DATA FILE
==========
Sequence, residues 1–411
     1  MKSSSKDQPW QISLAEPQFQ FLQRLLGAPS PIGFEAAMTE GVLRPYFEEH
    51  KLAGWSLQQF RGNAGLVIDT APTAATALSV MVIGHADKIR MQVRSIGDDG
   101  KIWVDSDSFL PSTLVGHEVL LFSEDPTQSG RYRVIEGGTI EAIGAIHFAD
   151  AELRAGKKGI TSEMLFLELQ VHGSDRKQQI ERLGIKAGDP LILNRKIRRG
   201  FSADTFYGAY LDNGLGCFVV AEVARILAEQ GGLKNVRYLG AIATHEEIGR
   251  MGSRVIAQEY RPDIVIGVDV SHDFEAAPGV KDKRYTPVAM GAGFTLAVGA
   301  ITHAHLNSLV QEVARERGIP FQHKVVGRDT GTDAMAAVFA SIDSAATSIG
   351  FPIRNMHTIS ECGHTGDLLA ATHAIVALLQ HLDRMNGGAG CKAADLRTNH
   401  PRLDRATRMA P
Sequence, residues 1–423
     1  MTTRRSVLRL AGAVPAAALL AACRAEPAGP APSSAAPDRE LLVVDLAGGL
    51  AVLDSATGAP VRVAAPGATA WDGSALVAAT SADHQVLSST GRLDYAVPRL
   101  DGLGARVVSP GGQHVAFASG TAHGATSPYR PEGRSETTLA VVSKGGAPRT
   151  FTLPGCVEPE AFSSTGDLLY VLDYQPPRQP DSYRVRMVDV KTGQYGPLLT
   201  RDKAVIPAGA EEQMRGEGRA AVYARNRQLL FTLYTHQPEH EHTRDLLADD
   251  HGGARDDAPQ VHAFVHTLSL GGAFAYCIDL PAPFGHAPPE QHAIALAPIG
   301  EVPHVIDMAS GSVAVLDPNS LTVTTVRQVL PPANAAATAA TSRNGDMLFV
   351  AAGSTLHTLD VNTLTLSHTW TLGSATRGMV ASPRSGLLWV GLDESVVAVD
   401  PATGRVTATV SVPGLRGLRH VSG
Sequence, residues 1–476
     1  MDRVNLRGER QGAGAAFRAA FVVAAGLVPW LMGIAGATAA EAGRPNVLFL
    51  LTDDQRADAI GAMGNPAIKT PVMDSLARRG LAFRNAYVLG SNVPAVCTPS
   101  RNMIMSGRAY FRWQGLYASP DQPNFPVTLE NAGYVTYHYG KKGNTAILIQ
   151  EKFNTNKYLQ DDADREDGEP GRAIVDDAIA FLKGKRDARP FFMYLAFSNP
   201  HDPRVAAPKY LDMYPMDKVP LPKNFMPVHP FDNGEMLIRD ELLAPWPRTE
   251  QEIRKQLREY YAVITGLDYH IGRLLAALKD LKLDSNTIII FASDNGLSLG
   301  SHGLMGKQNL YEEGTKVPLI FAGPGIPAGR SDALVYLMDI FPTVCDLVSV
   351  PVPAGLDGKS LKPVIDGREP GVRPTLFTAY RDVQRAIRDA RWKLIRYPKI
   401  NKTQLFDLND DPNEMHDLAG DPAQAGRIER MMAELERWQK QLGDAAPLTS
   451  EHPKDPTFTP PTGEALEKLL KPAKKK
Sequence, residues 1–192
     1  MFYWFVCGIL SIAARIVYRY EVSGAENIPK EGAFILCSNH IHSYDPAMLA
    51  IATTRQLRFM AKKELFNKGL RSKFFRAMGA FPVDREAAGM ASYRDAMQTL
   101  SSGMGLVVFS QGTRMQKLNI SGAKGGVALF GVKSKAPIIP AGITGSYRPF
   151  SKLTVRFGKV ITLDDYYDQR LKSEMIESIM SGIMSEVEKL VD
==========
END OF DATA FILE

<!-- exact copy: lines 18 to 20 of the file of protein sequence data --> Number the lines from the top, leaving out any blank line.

   301  EVPHVIDMAS GSVAVLDPNS LTVTTVRQVL PPANAAATAA TSRNGDMLFV
   351  AAGSTLHTLD VNTLTLSHTW TLGSATRGMV ASPRSGLLWV GLDESVVAVD
   401  PATGRVTATV SVPGLRGLRH VSG